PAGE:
What is the purpose of the springs used at the wishbone ball and socket connection?
The manual states 'assemble cap, springs, run down nuts, wire together'
But in doing so, the springs are compressed to its solid state, thereby eliminating any 'spring action'
Just trying to learn.
If the studs are the correct length and you have the correct length springs, you can tighten the nuts down enough to get the wire through the castellations of the nuts and the holes in the ends of the studs before the springs are fully compressed into their solid state.
Be sure that the studs are fully screwed into their sockets before you install the cap, springs, and nuts, then be sure to use wire per the manual to keep the studs and nuts from backing out.
The springs are pulled down not for spring action but to keep the ball tight as the ball and socket wear. Lots of times greasing the ball and cap is overlooked. KGB
I have to "respectively disagree" The springs can not take up wear as the cap face and the ball socket face are completely together when bolted up. There is "little to no wear" at the face contact. The wear is only on the ball and socket. As Mark noted the studs are to be completely inserted into the ball socket casting. Then with the proper length springs, and screwing the nut on just till you can get the wire inserted to hold the studs from backing out. At that point there is supposed to be just a little spring action left. It is to give a little flex in the assembly when hitting hard jolts or bumps. APCO designed their accessory caps with the spring and cup inside the casting to take up wear at the ball and socket. ....respectively submitted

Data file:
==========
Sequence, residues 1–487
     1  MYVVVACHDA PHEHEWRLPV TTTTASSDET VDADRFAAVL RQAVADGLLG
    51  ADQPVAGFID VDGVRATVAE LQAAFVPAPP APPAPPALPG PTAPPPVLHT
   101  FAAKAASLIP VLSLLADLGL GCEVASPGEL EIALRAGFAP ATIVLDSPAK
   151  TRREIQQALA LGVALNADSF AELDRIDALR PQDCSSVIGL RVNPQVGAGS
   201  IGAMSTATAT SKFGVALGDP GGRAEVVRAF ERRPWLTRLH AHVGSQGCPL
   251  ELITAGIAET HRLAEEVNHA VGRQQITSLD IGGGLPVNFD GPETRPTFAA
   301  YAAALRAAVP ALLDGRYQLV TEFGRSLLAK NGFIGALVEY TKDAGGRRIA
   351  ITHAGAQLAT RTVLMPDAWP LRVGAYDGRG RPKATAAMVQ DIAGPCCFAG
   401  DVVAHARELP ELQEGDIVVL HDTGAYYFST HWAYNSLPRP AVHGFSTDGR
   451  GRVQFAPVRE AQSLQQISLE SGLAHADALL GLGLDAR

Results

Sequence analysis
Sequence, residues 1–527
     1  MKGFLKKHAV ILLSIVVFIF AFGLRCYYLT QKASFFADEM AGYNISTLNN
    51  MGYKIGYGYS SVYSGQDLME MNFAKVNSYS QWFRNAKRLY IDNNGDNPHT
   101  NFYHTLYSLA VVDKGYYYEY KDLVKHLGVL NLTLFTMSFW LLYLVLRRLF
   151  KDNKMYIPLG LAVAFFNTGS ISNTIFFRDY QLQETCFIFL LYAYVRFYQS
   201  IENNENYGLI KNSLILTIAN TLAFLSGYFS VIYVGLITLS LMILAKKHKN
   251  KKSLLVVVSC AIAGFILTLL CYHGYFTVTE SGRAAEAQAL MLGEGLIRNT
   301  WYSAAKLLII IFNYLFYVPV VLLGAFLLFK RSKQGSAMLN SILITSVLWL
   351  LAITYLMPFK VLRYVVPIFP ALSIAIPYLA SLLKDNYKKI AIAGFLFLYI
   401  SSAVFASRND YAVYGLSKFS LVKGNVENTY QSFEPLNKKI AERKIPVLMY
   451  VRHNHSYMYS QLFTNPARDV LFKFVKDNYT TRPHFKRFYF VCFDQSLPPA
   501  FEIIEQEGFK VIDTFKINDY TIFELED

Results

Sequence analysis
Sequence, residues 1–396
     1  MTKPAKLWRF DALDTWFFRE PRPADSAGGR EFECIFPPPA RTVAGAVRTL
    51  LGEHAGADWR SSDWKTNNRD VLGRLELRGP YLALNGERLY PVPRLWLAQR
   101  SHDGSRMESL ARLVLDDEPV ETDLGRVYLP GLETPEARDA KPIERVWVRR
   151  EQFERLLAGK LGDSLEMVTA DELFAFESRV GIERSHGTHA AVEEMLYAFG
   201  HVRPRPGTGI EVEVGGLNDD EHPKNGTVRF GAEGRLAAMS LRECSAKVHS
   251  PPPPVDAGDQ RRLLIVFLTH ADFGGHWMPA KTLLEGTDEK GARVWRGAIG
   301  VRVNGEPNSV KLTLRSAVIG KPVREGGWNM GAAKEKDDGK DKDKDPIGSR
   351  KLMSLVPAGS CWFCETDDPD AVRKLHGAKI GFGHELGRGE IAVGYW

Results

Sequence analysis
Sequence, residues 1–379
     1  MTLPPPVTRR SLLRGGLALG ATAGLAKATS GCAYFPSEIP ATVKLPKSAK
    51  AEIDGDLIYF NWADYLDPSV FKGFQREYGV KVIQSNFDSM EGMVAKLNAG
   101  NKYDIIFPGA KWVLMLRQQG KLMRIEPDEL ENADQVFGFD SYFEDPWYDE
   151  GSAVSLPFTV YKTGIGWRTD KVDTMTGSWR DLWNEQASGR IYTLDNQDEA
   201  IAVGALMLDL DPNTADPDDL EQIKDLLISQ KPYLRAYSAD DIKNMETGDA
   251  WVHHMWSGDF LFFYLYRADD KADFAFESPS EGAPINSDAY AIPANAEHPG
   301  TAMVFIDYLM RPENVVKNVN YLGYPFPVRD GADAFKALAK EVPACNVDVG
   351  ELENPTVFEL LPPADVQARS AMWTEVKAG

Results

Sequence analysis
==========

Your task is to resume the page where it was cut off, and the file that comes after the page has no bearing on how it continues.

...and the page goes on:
When new there was some gap with the springs pulled down. Now after years of wear, the cap touches.
Norman I can see how that could be. I wish I had a ball bearing the size of a NOS radius rod. . I have a NOS ball socket and a NOS cap to use for a test. Ill have to start looking for the right size ball bearing.
Donnie, I brazed up the ball on my pitman arm and dressed it down to fit. It was surprisingly easy to get a good fit using a good cap as a gauge. I used a 4" handgrinder to rough it out, then followed up with a file and emery cloth. Just keep taking off the high spots. You could do the same on your wishbone. Worked for me. Dave
I support Norman and David.
There should be a gap which will close as wear occurs.
The ball can easily be 'built up' with a MIG welder and then filed to shape.
Agree with Chris, not a particularly tough job to build up with MIG then shape to fit. Before and after photos...
I think the ball joint on a 1950's gm product is the same size.
Donnie -- I bought a few 1-1/4" balls on ebay a few years ago. I have a professional welder weld them on old wishbones for me, since I don't trust my welding for such a critical point. I'm sure you could handle it.
Mike, I will probably buy me a few of them. My stash of good wishbones is getting very small. Im mostly wanting to use a new ball in my NOS parts and see how they fit. Not that I don,t believe that the cap should have a gap. But..... I was born in Missouri. So Im from the "show me state" So that's why I need to see it or "be shown" how it fits .... have fun and be safe .......
Don't forget pan has wear to
I always add shim or two.
Apco spring loads ball cap decent accessory
Mike W., what kind of balls are those and just how is your welder going to do this? I am curious. Dave
I agree with both Chris B's . Although I just brazed up the ball on my pitman arm because I didn't have a Mig handy, useing a Mig would be very good too. I'm sure I'm "preaching to the choir" to Donnie, as I know he has done much more than I have. What Chris Bamford has done is outstanding. IMHO, that would be much better than trying to replace the ball. Beautiful job Chris, much better than my pitman arm!! Dave
David -- The balls I found on ebay are stainless steel. (I didn't need stainless, but it's all I could find at the time.) I cut the old worn ball off the wishbone and ground down the stub leaving a "cone" of original material, so that area is filled with weld when it's all done. It took my welder friend about 5 minutes. Much less work than building up the ball with weld and grinding/filing it down, even though that too is a good way to do it. Chris B. did a great job on his.
This is a video from a gentleman on the ford barn for Model As Jack Bahum. Itís a great video of the wish bone in action. I imagine that on a T it would be the same.
I hope Jack doesnít mind me copying it.
I was surprised on how much it moves around when we drive our cars.